Drug Addicts and Prison
Drug addiction affects over 23.5 million Americans, and in many cases, their addictions involve the acquisition and use of illegal substances. Drug use can and often does result in jail time, and many drug users find themselves turning to illegal activities including theft, burglary, and forgery to fund their drug habit.
Even acquiring prescription drugs without a prescription can result in a prison sentence, although the sentence will depend on how the drugs are acquired, the drugs themselves, and the jury or judge meting out the sentence.
Drug Addicts in Prison
Statistics show that of the nearly 2.3 million prisoners in the United States, nearly 1.5 million meet medical standards for addiction to drugs and other substances. In one study by the National Center on Addiction and Substance Abuse (CASA) at Columbia University, correlations were made between drugs and alcohol and violent crimes, revealing that prisoners are more likely to be addicted to drugs, but drug addicts are more likely to commit felonies that send them to prison.
In another CASA study, 25% of inmates in local, federal, and state prisons are there because of illicit drug use, with crimes including possession, use, trafficking, and disorderly conduct. The same study went on to say that a total of 43% of all inmates are under the influence of drugs or alcohol at the time of their arrest.
What Happens to Drug Addicts in Prison
Many drug addicts eventually serve prison time for crimes regarding possession, or violent crimes such as theft or burglary. Many prisons offer 90 day drug rehabilitation programs through the Federal Residential Drug Abuse Program (RDAP), which helps some prisoners to get clean, before returning them to general population. Those with shorter sentences may also qualify for Cognitive-Behavioral Therapy (CBT) which is a 12 week non-residential treatment program.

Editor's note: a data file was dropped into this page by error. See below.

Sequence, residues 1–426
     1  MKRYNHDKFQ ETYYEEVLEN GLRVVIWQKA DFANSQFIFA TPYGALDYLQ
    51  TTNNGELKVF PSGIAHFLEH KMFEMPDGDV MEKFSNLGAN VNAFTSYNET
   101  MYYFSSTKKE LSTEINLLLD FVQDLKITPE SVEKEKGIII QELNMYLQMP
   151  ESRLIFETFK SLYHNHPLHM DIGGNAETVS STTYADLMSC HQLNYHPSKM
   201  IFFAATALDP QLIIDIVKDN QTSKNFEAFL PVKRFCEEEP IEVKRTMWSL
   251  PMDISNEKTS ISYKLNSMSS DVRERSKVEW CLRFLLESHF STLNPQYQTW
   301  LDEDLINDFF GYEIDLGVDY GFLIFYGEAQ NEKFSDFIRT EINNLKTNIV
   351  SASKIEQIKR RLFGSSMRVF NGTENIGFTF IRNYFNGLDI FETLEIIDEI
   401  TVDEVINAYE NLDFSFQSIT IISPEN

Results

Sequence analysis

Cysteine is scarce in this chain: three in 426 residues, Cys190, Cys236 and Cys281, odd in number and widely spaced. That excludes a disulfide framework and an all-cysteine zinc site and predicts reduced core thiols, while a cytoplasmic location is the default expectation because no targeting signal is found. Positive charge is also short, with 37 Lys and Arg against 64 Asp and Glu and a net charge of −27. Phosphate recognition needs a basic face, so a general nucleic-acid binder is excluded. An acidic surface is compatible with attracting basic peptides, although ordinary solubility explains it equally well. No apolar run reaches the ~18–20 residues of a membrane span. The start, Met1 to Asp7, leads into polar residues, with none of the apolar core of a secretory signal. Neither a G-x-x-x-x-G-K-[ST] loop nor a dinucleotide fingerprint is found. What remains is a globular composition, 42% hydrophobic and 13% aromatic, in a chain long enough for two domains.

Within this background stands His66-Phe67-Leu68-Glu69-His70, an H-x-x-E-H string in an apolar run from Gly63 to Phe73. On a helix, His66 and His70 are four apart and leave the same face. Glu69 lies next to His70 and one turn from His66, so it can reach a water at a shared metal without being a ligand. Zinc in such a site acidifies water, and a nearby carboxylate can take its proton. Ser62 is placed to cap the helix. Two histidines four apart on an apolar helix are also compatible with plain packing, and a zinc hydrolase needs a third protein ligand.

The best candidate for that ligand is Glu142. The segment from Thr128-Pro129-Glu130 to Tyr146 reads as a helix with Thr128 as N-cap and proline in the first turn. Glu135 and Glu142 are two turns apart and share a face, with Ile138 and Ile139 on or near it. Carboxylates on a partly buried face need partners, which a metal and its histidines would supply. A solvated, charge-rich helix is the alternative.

In some cases, addicts may be sent to state or federal rehabilitation, which involves 6-18 month stints in a prison and then transfer to a halfway house through a community treatment center. Here, patients are monitored, must attend mandatory AA meetings, and have weekly or bi-weekly visits with a parole officer to ensure continued abstinence.
Unfortunately, only an estimated 1 in 4 drug addicts receive the treatment they need. Instead, they are typically sent to general population and must go through withdrawal while in jail waiting for their sentencing. This form of ‘cold turkey’ withdrawal is unhealthy but studies show that it is sometimes used by the police as a means of interrogation. In prison, drug addicts also sometimes have access to a black market of drugs and alcohol, which allows them to continue their addiction.
Sentencing for Drug Possession
Drug possession is a crime in most states, and while the sentence can and will greatly vary depending on the state and the jury or judge, the following include the average sentencing times for any possession.
Simple Possession (21 U.S.C. 844)24
- First Offense – Up to 1 year and not less than $1,000
- Second Offense – 15 days to 2 years and not less than $2,500
- Third Offense – 90 days to 3 years and not less than $5,000
In most cases, the possession of a schedule 1 or schedule 2 drug will result in the following felony charges. However, this can vary depending on the jury and the state.
- 500 mg. – Felony D Class – 1-7 years
- 1/8th Oz. – Felony C Class – 1-15 years
- ½ Oz. – Felony B Class – 1-25 Years
- 2 Oz – Felony A-II Class – 3-life
- 4 oz. – Felony A-1 Class – 15-life
In some states, such as Kentucky, sentencing and fines are much higher. The eventual sentencing will also depend on the determined degree of the possession, but this greatly depends on the state. For example, Minnesota will charge a third degree felony for anything over 25 grams of heroin, while other states are much more lenient.
While many prisons are overwhelmed with drug addicts, few addicts get the help they need while incarcerated. Despite this, organizations like CASA are fighting to ensure that drug addicts are rehabilitated instead of incarcerated, as they believe it would not only allow drug addicts to go back to their lives, but would also save the government and therefore taxpayers some $90,000 per year.
While rehab is often not provided through prison services, you can also request rehabilitation services in prison after receiving a sentence. Drug addiction is harmful to addicts and everyone around them, and seeking out help is the best way to get your life back. If you or a loved one is addicted to drugs, it is important to ask for help.
The Anaheim Lighthouse is a modern and effective addiction treatment center in Southern California. To talk to us about treatment options at our affordable drug and alcohol rehab that fit your needs, call (877) 959-5909.